Two US soldiers and a Turkish woman were killed and more than 200 people were injured in the Berlin bombing which led to a US bombing campaign against Libyan cities.

The Al-Qadhafi International Foundation for Charity Associations said on Thursday it is hoping to meet victims and their families to reach a quick and simple solution.

"However, this humanitarian initiative is not recognition or acceptance of responsibility for this act from any side whatsoever," said the charity, which is led by al-Qadhafi's son Saif al-Islam.

German news magazine Der Spiegel reported earlier this month that Libya had told the German government it was ready to make payments to non-American victims of the bombing.

However, the foundation declined to give details of who would receive compensation.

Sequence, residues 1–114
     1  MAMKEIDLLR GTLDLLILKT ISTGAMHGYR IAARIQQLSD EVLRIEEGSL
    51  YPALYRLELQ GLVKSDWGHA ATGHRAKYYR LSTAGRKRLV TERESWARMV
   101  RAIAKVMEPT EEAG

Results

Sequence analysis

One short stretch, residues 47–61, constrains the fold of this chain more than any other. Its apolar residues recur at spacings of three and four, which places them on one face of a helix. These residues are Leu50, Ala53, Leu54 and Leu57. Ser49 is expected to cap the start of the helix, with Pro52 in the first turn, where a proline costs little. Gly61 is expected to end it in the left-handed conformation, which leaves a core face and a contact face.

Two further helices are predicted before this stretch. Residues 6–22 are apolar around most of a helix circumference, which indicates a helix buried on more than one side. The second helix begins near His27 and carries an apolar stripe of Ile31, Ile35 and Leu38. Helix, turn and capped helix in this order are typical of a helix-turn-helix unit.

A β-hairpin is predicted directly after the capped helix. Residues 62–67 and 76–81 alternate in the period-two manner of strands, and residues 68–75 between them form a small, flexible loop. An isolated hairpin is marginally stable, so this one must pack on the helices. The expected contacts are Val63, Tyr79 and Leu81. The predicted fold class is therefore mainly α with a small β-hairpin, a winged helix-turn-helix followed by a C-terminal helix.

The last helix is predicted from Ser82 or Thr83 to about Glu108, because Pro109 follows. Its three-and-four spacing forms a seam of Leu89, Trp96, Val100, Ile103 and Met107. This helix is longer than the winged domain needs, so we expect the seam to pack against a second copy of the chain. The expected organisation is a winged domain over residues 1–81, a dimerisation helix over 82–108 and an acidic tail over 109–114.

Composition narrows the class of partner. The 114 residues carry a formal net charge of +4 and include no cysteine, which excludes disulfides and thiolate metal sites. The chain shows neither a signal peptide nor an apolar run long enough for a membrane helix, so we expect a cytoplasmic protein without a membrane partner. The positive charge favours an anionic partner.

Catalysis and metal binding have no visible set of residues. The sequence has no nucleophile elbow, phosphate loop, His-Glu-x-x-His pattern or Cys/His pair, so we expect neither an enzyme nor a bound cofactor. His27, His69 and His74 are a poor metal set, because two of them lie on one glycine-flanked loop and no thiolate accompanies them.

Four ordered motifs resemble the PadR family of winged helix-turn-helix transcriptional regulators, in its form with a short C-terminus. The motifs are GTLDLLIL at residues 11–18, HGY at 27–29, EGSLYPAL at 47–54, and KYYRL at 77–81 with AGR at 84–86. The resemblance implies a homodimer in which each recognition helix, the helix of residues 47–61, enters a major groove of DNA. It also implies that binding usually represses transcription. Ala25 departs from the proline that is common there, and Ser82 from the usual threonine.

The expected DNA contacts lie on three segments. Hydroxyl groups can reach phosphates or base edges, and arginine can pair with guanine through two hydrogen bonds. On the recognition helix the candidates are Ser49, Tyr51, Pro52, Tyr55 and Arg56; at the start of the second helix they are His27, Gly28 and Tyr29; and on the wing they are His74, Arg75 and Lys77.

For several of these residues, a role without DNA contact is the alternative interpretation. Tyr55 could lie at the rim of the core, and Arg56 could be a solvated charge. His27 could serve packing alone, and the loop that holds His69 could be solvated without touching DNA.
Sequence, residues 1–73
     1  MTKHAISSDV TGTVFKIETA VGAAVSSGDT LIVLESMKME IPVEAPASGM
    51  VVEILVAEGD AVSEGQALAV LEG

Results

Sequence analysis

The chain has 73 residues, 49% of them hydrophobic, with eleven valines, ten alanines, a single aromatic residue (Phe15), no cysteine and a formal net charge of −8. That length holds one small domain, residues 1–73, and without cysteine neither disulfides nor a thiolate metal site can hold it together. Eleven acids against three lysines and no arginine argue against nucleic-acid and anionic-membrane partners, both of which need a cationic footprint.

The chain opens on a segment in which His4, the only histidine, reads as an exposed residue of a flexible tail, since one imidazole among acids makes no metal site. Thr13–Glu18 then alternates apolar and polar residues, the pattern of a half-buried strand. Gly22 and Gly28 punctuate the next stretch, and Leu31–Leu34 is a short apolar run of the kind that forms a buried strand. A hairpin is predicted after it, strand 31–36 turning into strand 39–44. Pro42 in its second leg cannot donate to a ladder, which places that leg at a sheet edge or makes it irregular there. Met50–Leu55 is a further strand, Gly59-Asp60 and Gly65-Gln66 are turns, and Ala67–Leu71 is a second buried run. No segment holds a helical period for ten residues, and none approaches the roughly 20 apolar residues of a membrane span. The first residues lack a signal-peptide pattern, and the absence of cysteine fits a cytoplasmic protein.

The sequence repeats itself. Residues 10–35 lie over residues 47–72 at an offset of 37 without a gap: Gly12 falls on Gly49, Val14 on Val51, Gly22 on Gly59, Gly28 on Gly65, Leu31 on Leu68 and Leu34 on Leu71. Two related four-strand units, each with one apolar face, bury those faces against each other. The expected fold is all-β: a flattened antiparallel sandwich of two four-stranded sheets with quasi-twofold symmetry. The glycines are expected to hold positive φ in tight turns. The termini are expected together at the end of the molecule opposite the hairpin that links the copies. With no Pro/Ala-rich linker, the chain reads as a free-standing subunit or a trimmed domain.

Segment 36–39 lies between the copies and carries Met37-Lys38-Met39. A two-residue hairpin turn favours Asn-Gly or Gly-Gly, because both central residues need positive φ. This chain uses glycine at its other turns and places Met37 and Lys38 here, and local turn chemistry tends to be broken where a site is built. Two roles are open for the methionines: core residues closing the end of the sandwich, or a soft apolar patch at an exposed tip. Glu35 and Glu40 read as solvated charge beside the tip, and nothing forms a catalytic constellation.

A Berlin court ruled in 2001 that the Libyan secret service was behind the attack, which occurred a month after the US sank two Libyan patrol boats in the Gulf of Sirte.

A group campaigning for compensation said it welcomed the charity's statement.

Lawyers representing non-American victims said they were seeking 500,000 euros for each injured person.  

Two hundred and seventy people
died in the Lockerbie bombing

The move came after Libya accepted responsibility "for the actions of its officials" in the bombing of an airliner over Lockerbie, Scotland, in 1988.

Last week it transferred $2.7 billion to the Bank for International Settlements to compensate the families of the 270 people who died when the plane was blown up.